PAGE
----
The research performed in EDC-MixRisk helps to expand our knowledge on mixtures of endocrine disrupting chemicals. Meet our EDC-MixRisk scientists and hear their story on what they are doing and why it is important. This time in line is Efthymia Kitraki (PhD), professor of Biology and Head of the Laboratory of Basic Biomedical Sciences, in the School of Health Sciences University of Athens, Greece. Her experimental approaches include in vivo manipulations and behavioural testing of small rodents, followed by in vitro analysis of the tissues using cellular and molecular techniques.
What is the focus of your research group in EDC-MixRisk?
Our research group is studying the effects of in utero exposure of mice to mixtures of EDCs. The exposed offspring of both sexes are tested at postnatal days 21(weaning) and 90 (adulthood).
We are mainly interested in the potential effects of Mixture N1 (neurodevelopment) on the neuroendocrine axis of stress response.
Additional goals are: investigation of the potential effects of Mixture G1 (growth and metabolism) on the development of brain areas implicated in cognition and of Mixture S (sexual development) on the gonadal function.
What have you discovered so far?
We had a first set of mixtures, mixtures G0 (growth and metabolism), N0 (neurodevelopment), and S0 (sexual development) as they, in the respective dilution, reflect a “typically-measured” mixture of EDCs in the SELMA mothers. Given the inability to use Mixtures N0 and G0 (due to different kinetics of persistent and non-persistent compounds in the same mixture) we are presently studying the effects of Mix S0. Anogenital distance (AGD) is used as a measurement of genital development. Preliminary results show alterations in AGD and AGD/bw (AGD index), especially in male offspring at concentrations 0.4mM and 4mM of Mix S0 (stock 1M), but not at 20mM. Experiments are ongoing by exposing animals at 0.02mM (corresponds to SELMA levels). Analyses of gonadal histology and expression of steroidogenesis- and differentiation-related genes are in process.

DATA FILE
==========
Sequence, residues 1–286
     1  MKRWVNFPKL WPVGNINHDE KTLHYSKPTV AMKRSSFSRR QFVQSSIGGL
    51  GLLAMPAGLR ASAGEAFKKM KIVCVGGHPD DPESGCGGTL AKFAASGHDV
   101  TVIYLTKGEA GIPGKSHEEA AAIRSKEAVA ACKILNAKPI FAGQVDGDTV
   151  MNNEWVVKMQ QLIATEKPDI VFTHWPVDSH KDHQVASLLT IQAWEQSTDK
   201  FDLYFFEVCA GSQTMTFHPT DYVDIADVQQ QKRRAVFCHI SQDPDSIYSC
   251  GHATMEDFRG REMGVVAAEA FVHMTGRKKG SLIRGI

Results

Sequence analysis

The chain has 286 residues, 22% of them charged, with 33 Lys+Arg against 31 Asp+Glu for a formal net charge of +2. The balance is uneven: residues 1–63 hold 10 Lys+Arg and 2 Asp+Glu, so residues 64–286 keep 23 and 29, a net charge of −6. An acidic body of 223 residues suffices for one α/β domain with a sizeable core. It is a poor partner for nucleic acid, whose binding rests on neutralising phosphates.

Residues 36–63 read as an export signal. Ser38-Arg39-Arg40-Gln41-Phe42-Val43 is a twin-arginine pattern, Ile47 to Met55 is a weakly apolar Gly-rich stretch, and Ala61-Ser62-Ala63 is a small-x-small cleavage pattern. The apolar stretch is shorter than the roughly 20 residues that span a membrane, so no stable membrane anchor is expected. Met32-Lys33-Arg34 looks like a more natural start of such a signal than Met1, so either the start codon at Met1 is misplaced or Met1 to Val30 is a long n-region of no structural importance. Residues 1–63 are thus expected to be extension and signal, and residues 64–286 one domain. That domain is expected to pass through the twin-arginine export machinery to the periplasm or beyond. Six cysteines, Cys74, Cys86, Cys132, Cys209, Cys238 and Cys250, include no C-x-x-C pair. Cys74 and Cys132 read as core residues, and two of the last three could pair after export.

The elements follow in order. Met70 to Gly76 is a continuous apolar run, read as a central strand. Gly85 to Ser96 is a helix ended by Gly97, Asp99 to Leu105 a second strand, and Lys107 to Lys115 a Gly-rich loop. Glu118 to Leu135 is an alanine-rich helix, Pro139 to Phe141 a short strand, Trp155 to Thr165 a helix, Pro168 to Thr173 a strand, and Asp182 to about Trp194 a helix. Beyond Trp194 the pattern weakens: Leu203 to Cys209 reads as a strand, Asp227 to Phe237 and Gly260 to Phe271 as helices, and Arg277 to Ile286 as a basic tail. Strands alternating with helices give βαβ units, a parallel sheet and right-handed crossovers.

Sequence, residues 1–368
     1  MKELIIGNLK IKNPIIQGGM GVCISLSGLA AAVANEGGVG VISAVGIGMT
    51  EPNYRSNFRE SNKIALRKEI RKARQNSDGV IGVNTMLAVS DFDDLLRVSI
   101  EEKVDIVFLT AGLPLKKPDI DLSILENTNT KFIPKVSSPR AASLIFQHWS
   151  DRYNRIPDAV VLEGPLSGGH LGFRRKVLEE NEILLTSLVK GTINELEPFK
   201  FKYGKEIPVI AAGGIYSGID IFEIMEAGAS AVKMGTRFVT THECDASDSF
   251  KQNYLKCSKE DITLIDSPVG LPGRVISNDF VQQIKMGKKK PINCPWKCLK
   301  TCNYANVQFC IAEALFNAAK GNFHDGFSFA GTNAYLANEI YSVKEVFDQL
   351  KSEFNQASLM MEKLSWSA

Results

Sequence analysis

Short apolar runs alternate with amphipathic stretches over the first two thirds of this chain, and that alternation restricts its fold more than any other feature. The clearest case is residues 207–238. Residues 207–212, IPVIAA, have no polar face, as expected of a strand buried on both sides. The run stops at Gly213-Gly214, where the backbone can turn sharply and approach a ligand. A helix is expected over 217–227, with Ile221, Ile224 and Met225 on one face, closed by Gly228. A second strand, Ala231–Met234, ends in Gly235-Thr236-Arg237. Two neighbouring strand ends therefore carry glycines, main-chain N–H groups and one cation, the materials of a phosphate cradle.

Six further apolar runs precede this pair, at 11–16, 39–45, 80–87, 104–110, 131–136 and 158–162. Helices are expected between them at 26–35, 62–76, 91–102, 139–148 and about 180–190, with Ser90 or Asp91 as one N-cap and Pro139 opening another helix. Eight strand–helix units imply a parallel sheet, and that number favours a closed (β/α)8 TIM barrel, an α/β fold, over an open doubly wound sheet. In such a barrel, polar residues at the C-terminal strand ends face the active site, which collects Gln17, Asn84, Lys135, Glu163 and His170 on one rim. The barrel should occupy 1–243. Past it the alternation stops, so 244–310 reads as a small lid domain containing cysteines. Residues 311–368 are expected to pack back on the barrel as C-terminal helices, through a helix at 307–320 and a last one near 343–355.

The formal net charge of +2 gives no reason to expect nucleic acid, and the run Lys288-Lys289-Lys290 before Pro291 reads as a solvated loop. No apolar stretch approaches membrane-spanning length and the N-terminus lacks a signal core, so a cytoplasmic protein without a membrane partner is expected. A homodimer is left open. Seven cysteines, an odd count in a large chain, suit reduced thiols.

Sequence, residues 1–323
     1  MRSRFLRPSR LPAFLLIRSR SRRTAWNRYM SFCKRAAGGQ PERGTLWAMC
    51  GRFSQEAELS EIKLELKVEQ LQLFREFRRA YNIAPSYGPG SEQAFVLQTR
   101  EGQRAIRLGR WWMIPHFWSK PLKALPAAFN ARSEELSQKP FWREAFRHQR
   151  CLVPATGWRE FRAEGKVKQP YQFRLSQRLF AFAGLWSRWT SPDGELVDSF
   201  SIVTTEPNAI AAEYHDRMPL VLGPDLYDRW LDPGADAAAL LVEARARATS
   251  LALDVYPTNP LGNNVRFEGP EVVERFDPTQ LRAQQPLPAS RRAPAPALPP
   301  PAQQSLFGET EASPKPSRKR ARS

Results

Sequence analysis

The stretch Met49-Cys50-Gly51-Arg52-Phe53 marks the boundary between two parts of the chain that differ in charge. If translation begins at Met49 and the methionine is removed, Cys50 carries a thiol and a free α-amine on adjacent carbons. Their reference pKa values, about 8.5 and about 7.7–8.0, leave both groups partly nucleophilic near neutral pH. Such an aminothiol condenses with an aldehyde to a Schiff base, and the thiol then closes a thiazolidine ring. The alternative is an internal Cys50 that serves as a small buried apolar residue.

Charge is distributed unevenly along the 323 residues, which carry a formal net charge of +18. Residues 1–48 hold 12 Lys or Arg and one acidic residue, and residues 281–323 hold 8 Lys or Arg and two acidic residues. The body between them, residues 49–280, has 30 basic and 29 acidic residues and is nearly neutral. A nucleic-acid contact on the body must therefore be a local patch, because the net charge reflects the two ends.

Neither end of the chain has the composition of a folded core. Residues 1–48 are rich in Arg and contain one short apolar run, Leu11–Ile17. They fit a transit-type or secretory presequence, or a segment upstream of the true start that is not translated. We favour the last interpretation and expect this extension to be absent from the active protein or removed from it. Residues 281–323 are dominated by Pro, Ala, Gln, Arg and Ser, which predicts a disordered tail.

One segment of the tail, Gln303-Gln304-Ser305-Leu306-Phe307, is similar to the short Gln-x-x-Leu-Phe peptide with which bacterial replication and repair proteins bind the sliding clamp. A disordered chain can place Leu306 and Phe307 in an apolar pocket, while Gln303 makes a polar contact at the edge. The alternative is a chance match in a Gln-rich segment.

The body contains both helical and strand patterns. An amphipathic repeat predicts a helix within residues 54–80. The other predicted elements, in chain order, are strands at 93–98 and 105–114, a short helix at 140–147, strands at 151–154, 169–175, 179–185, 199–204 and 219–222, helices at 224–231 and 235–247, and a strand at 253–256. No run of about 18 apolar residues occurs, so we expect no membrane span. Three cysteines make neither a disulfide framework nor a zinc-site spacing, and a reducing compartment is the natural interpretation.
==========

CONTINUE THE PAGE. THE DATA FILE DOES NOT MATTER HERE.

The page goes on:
What are the potential implications of your findings?
The detected alterations in AGD index are in line with those observed in the SELMA study for the boys exposed in utero to a mixture comprised mainly by the same ‘bad’ chemicals. Our preliminary data are also in compliance with the literature on the effects of individual components of our Mixture S0 in rodents. The observed alterations of AGD index, a biomarker of prenatal exposure to endocrine disruptors, if linked to molecular/hormonal indices of gonadal dysfunction in our study, could provide a pathway of adversity due to exposure to this mixture.